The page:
So currently I’m looking at all four glasses half full, and am very much looking forward to hearing more from all of them, their progress, driver choices, and then onto Bahrain.

  2. The Sri Lankan said on 23rd November 2009, 0:43

    people here say that he’ll be sh*it but didnt we say the same about Kamui Kobayashi? on paper Nakajima handed Kobayashi his a*s in GP 2 but Kamui is now the lead Jap driver in F1( if he gets a drive) i think Lopez could do the same

  3. wasiF1 said on 23rd November 2009, 1:10

    He have a lot of experience in single seater so he deserve the seat,& I agree it may put Potrero de los Fune on the calender.

    • Prisoner Monkeys said on 23rd November 2009, 1:16

      Like I said: it’s unlikely. Porero de los Funes is in need of some upgrades to qualify for Category-1 status, but the bigger problem is that the circuit is in a region controlled by the national opposition. The government in Buenos Aries is unlikely to provide support for the event in that region; the only way it will happen is if they win that seat in an election, or if Lopez’s presence can prmpt private groups into hosting an event (but the government has made it clear they’ll support a race, so it’s likely a privately-backed effort would be in a region whose seat is held by the incumbent party).

  4. USF1 could hire Schumy himself and it wouldn’t matter. After all, it’s about the quality of the car and the experience of the team. And the biggest unknown of all is Cosworth’s engine.

    How well will USF1 compete against the other new teams is the real question. Someone will come home last and it could be any of the newbies.

    The second driver needs to be a racer who competed in F1 last year, even if they have to pay him. Hell, I’d even accept Jarno Trulli if they could capture him on the cheap.

  5. The Captain said on 23rd November 2009, 3:16

    Peter recently said in an interview that since their preferred option of an american drivers was out, they where looking for at least one driver that had a good bit of open wheel experience, but wasn’t “set” in how a team should operate or they should be handled. someone experienced, but not set in their ways. I think this may be a fit for that. Let’s wee who the other drive is.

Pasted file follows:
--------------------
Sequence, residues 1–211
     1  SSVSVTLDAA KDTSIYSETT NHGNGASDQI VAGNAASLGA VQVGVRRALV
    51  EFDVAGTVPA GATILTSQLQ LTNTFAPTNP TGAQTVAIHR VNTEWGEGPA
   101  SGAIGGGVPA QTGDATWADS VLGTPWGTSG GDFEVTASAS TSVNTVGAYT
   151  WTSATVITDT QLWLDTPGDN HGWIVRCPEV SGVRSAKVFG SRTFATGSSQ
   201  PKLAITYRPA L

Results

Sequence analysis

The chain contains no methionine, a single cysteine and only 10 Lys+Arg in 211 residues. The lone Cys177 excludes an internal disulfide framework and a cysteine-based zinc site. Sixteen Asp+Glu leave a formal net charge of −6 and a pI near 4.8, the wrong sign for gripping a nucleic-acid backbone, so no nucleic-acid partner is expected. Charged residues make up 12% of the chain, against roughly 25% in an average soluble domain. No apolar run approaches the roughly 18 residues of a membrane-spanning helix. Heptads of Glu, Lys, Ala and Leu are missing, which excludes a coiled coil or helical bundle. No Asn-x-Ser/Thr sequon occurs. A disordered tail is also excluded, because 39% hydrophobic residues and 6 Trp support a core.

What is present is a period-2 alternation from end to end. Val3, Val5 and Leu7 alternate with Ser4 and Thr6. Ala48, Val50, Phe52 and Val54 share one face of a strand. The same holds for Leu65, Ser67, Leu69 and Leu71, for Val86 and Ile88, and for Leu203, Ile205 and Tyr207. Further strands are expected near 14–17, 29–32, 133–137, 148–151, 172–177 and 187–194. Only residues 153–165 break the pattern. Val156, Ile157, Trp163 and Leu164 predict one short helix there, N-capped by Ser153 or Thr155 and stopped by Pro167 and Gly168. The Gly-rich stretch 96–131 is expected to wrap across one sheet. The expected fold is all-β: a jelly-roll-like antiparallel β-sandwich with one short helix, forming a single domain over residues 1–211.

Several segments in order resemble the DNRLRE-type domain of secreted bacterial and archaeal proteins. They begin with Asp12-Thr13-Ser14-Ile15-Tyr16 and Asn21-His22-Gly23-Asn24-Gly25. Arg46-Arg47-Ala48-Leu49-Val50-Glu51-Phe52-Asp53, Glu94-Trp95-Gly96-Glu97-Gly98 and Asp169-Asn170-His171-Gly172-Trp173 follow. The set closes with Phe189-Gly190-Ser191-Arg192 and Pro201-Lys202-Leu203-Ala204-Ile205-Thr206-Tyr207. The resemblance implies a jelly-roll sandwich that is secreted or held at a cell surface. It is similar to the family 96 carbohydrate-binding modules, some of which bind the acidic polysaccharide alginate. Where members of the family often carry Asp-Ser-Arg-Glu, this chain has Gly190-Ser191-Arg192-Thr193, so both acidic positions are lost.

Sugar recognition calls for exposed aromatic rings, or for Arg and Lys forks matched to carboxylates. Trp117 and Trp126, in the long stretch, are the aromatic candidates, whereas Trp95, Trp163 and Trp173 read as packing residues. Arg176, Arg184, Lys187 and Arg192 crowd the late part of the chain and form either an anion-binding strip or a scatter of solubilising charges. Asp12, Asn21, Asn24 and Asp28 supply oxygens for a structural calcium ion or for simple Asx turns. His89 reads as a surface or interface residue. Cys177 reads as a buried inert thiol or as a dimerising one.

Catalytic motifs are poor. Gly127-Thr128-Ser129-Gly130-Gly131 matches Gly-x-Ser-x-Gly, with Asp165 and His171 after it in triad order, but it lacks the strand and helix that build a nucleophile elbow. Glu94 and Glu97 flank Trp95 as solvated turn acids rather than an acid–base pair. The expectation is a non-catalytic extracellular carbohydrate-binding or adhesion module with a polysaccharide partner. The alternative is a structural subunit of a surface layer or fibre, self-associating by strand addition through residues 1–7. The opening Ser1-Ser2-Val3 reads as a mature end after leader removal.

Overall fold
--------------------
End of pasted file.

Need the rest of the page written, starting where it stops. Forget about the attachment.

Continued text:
I also think that since USF1 is contracting out so much of their manufacturing (an advantage to being in Charlotte sine none of you vendors have other F1 clients so you can do that) they are getting a bad rap for not being up to speed as compared to the other new teams.

  6. Personally I’d like to see a Trulli or Heidfeld at USF1, but I doubt it really matters because their car will have to work its way up to speed just like the other new teams, so whoever is driving will be at the back of the pack or maybe slightly better. As long as this guy doesn’t wreck half the cars then I think he’ll be okay for the first year.

  7. Well, this was not the signing I was expecting for USF1, but it is interesting in any event.

    Perhaps Windsor/Anderson have found a diamond in the rough- heck, if the guys dose well for them and gose on to another F1 team, I can’t think of any better PR for the outfit. But I can’t help be a bit skeptical about his experience- heck, Pantano would have been a much better option in my book. Three seasons is a long time to be out of a car, esp. with the change in designs and specs that have taken place since then.

    For me, the time when USF1 will be a credible operation or not is when we hear if they have a driver development scheme set up to nurture some combination of Alex Rossi, Jon Summerton, John Edwards, Jake Rosenzweig, JR Hildebrand, and whoever else is a promising young driver over here. If there is some support for those guys to run in GP2 or F3 (Rossi has done some GP2 Asia races with impressive results this year) then it will be a real step for the future.

  8. GeeMac said on 23rd November 2009, 5:50

    Wow, I really didn’t see that one coming!